100+ acre Big Pool farm preserved against redevelopment

20 June 2024- The Washington County Division of Planning & Zoning announces, on May 9, 2024, with funding from Washington County and the Maryland Agricultural Land Preservation Foundation (MALPF), a 100.05-acre farm was preserved, adding to the more than 40,000 acres of permanently preserved land in the County.  

The easement was procured through a Maryland Agricultural Land Preservation Program (MALPP) easement that was sold on a farm on Gehr Road in Big Pool. The property is a large farm nearby historic Fort Frederick. The procurement of this easement has added to a block of thousands of acres of permanently preserved land in the area and will aide neighboring properties in their pursuit of permanent easements.   

MALPP is the County’s most prolific land preservation program, accounting for over 16,000 acres and 40% of the permanent easements in the County. It is funded and administered by the Maryland Dept. of Agriculture’s (MDA’s) Maryland Agricultural Land Preservation Foundation (MALPF) and locally by the Land Preservation Office of the Washington County Department of Planning & Zoning. Each year, farm owners in the County have the ability to apply for this program which concentrates on preserving productive agricultural land in the County. This easement was part of the fiscal year 2023 cycle and was the fourth property of that cycle to settle an easement. Easement applications are submitted before July 1st of each year and offers are usually extended the following March.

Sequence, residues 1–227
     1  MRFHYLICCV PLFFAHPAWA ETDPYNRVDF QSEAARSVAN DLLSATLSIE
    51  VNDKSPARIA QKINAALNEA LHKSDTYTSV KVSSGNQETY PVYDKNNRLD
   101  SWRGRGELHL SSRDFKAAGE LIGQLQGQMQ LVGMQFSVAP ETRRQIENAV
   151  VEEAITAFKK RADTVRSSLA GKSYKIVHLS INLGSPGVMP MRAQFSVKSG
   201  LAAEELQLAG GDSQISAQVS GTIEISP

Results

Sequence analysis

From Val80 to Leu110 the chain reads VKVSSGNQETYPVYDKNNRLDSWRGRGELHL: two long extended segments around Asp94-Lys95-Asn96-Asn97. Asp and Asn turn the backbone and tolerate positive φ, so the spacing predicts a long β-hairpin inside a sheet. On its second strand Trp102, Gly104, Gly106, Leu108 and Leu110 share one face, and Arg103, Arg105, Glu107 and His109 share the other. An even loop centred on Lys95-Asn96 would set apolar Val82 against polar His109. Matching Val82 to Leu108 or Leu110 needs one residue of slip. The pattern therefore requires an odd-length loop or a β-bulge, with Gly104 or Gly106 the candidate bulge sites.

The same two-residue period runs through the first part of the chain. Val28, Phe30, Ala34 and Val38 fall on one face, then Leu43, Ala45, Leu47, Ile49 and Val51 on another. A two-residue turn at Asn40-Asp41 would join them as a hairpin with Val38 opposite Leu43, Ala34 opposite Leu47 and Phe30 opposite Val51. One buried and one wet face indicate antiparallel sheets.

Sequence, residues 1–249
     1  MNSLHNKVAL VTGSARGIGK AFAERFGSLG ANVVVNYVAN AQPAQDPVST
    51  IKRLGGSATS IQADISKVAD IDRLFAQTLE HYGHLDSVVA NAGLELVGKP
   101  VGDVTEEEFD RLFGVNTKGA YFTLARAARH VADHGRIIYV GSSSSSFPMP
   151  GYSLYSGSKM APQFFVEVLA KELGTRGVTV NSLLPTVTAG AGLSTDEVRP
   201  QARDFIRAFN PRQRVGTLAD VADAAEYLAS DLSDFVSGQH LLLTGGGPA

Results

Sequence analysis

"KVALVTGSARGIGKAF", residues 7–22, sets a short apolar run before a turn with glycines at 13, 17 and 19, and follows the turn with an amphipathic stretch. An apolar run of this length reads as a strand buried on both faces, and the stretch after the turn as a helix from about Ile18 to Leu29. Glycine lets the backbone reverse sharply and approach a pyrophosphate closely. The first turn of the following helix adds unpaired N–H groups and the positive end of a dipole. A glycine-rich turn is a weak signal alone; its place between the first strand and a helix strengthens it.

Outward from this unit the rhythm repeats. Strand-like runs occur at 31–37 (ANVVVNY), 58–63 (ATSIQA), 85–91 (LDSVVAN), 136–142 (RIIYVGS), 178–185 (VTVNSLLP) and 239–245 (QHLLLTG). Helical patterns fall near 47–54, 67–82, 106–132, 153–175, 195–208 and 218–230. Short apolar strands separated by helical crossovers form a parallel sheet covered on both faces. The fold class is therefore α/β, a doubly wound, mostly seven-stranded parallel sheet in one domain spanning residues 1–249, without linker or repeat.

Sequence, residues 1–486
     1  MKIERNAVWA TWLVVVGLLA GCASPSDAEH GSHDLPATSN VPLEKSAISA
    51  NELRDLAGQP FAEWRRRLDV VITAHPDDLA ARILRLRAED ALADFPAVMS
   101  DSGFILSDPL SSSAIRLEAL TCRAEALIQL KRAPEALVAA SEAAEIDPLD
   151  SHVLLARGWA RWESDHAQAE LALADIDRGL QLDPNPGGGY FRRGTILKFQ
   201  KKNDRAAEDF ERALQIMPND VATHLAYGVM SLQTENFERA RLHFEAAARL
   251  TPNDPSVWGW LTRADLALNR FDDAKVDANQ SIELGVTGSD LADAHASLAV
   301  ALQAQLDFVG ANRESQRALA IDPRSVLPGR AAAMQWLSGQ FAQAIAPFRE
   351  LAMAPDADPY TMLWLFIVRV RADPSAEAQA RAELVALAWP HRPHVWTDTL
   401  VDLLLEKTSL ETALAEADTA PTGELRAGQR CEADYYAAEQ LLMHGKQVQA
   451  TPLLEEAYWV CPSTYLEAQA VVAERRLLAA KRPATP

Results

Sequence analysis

MALPP is just one of many programs that make up the Washington County Land Preservation strategy. Other programs include the Maryland Dept. of Natural Resources (DNR) Rural Legacy, Conservation Reserve Enhancement Program (CREP), and Project Open Space Stateside programs, the County’s Installment Purchase Program (IPP), local forest conservation easements, the federal Farm and Ranchland Protection Program (FRPP) and Federal Scenic Easements, as well as easements through agencies like MARBIDCO, Maryland Environmental Trust (MET), Antietam Battlefield Trust (ABT), Mid-Maryland Land Trust (MMLT) and others. While the majority of funding is generally earmarked through State funding sources, in recent years, the County itself has taken significant additional financial steps to bolster its programs.